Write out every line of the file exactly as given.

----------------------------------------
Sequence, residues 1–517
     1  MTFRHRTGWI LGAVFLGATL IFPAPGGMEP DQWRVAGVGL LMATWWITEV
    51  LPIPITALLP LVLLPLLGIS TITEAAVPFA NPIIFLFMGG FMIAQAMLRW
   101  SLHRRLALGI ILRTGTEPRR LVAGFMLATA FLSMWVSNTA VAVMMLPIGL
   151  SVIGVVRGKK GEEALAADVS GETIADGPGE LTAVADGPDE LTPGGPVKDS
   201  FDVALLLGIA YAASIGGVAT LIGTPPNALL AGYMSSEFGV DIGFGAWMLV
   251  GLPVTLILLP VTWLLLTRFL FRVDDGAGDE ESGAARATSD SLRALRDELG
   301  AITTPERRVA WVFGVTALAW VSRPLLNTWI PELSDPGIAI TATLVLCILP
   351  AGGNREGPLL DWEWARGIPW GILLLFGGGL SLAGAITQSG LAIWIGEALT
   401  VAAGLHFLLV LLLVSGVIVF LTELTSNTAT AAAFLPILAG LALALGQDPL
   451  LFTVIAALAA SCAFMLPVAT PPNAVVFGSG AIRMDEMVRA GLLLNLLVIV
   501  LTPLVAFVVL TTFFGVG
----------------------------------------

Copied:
Sequence, residues 1–517
     1  MTFRHRTGWI LGAVFLGATL IFPAPGGMEP DQWRVAGVGL LMATWWITEV
    51  LPIPITALLP LVLLPLLGIS TITEAAVPFA NPIIFLFMGG FMIAQAMLRW
   101  SLHRRLALGI ILRTGTEPRR LVAGFMLATA FLSMWVSNTA VAVMMLPIGL
   151  SVIGVVRGKK GEEALAADVS GETIADGPGE LTAVADGPDE LTPGGPVKDS
   201  FDVALLLGIA YAASIGGVAT LIGTPPNALL AGYMSSEFGV DIGFGAWMLV
   251  GLPVTLILLP VTWLLLTRFL FRVDDGAGDE ESGAARATSD SLRALRDELG
   301  AITTPERRVA WVFGVTALAW VSRPLLNTWI PELSDPGIAI TATLVLCILP
   351  AGGNREGPLL DWEWARGIPW GILLLFGGGL SLAGAITQSG LAIWIGEALT
   401  VAAGLHFLLV LLLVSGVIVF LTELTSNTAT AAAFLPILAG LALALGQDPL
   451  LFTVIAALAA SCAFMLPVAT PPNAVVFGSG AIRMDEMVRA GLLLNLLVIV
   501  LTPLVAFVVL TTFFGVG